Measuring Up the OLAP Market

For many people the end of 1999 meant big parties and a fear of Y2K issues. But for some vendors the end of the past year meant it was once again time to see how well they competed in the OLAP market space.

The author of the OLAP Report (, Nigel Pendse, recently released the preliminary results of his annual OLAP market share report for 1999, which included a review of the market size in recent years.

Once again this year, Hyperion Solutions Corp. maintained its overall lead in the OLAP market space, while Cognos Inc. crept up closer to Oracle Corp. and tried to steal its second place position. The winner of the late entry contest was Microsoft Corp., which came on the OLAP scene late in 1998 and made its market debut this year in sixth place -- pumping up the size of the overall OLAP market.

The OLAP market has grown considerably in the past few years. In 1996 the market was estimated at about $1 billion, it then increased by about 40 percent in 1997. When 1998 rolled around the market topped off at about $2 billion -- at which point many analysts expected the growth of such a large market would slow. This past year finally slowed the growth of the market: 1999 figured at about $2.5 billion, a jump of only 20 percent. The next two years are expected to see small growth, but Pendse's report estimates that by 2001, the market is expected to grow to almost $4 billion.

The slowdown in future growth is expected for a few reasons, the report states. It is hard for large markets to continue growing at such high rates; the market is becoming more saturated each year; and average prices are expected to drop due to the presence of Microsoft in the OLAP market. Since this is the first year Microsoft has been included in the OLAP market, the real effects of its presence have not yet been seen.

The 1999 Preliminary Results

While some OLAP vendors retained their market share position, others steeply declined in rank. Once again in the top position is Hyperion, which holds about 24 percent of the market share, and rests comfortably above its nearest competitors -- Oracle and Cognos -- which each hold about 11 percent of the market share. With the merger of Hyperion and Arbor Software, Hyperion Solutions has been able to maintain its top position for a few years. "Hyperion and Arbor were two of the biggest in the market," Pendse says. Hyperion's market reign is expected to continue into 2000.

It is not only the size and strength of Hyperion that is causing it to lead the market, but the fact that Oracle seems to have forgotten about its OLAP products. "Oracle has done so badly because it has lost interest in Express. They do bundle it into a big package, but sales of Express seem to have fallen off," Pendse says.

Oracle still retains its second place position, but Cognos is closely gaining on its heels -- and has been gaining market share for the past few years -- while Oracle has slowly been slipping. Cognos will likely steal Oracle's second place spot in 2000. Microstrategy Inc., however, is not far behind Cognos, and has been steadily gaining market share despite its second year in the fourth place slot.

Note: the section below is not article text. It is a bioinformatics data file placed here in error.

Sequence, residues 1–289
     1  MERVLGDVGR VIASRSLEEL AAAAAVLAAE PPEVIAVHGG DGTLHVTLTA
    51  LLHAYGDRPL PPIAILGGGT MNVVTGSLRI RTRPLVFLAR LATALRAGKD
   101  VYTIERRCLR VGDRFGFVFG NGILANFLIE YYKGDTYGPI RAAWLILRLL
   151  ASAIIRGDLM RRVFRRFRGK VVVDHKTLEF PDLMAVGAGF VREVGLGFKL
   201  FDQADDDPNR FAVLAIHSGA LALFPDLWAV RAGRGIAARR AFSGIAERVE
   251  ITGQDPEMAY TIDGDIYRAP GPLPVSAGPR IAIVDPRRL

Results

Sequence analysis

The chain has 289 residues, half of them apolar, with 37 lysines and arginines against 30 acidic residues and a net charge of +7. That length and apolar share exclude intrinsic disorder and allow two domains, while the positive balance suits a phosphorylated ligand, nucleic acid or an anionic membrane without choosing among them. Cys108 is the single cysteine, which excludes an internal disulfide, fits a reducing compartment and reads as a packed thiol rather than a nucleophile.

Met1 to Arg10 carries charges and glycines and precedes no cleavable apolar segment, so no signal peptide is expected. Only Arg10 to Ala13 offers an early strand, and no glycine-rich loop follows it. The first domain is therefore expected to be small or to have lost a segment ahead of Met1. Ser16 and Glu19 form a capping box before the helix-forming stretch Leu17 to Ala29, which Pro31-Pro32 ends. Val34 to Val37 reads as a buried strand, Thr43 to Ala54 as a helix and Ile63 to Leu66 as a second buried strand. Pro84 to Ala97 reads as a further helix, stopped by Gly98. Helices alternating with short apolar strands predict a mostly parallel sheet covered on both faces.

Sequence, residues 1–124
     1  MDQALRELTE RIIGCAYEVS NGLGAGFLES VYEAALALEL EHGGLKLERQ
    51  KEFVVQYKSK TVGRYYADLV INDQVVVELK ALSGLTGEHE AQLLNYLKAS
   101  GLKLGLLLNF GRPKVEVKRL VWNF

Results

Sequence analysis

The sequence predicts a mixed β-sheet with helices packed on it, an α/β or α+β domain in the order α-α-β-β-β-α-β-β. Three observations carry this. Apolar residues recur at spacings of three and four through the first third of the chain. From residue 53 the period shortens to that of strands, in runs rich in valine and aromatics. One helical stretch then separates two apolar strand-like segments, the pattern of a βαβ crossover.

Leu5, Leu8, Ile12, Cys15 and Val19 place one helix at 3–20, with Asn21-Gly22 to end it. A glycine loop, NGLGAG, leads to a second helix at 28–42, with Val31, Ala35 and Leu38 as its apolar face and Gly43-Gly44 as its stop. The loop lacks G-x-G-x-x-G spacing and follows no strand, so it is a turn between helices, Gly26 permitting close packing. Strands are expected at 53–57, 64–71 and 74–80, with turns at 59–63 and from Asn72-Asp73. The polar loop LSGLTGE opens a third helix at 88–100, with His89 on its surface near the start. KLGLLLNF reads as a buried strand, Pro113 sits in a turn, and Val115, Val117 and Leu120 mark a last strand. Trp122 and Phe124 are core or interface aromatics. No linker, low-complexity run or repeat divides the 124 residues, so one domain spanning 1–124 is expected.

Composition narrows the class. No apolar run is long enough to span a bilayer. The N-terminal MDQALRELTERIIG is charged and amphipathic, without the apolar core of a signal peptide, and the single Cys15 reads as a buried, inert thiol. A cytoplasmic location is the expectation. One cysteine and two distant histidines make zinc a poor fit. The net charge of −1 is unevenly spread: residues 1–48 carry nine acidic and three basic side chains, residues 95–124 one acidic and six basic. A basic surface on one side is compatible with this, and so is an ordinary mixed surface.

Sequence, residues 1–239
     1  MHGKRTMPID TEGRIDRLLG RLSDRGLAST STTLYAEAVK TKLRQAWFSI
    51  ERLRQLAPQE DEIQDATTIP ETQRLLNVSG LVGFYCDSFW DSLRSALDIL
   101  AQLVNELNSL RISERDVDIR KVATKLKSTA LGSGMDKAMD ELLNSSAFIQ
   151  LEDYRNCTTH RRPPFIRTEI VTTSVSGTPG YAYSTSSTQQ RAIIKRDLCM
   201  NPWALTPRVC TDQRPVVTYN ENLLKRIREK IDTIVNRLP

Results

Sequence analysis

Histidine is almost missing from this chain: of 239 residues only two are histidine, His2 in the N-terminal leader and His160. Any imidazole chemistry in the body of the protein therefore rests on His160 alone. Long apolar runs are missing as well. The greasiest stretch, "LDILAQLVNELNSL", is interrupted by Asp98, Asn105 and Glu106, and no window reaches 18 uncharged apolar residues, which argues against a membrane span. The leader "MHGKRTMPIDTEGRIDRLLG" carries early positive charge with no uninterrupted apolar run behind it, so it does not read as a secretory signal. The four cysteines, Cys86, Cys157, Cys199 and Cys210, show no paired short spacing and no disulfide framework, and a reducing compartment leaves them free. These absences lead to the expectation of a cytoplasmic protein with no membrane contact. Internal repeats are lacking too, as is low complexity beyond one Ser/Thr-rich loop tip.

When calculating the figures for the OLAP market shares, Pendse had to consider different factors: who are the OLAP vendors; estimating the proportion of revenues coming from OLAP sales; looking at companies that bundle their OLAP products -- such as Microsoft; and whether or not a vendor is also a value added reseller (VAR) of other commercial OLAP products.

Microsoft Corp. made its first appearance into the OLAP market this year, and debuting in sixth place, and holding about 4 percent of the market share. Although Microsoft's OLAP products are bundled with others, and the company's revenues were not easy to determine, Pendse expects that the numbers are pretty accurate. "Our market share calculation probably errs on the low side for Microsoft in 1999, but it reflects the much lower than expected deployment rate for the new server, largely due to the lack of promotion by Microsoft," the report states. Microsoft is in the process of doing its own surveys, and Pendse admits he may have to go back and revisit their numbers, but he says, "it is still likely not far off."

Some of the big losers in 1999 were Seagate Software, which dropped from seventh to 13th place this year. Pilot Software, Gentia Software and Informix Corp. also took the plunge. A pertinent question to ask is, why do some companies take such big strides forward while others sink lower each year?

"Everybody now says they're into e-business," Pendse says. "The ones who are growing year on year, are focused organizations. The ones who are doing badly, such as Seagate and Informix, haven't focused on their OLAP products. It's pretty competitive, if you don't focus on the right thing, or don't focus at all you lose out to more focused competitors."

Despite that the results of this report are preliminary, we can expect most of the numbers to hold steadfast. "The top positions are not likely to change much. I wouldn't put too much weight on the decimals, but the numbers are pretty close," Pendse says.

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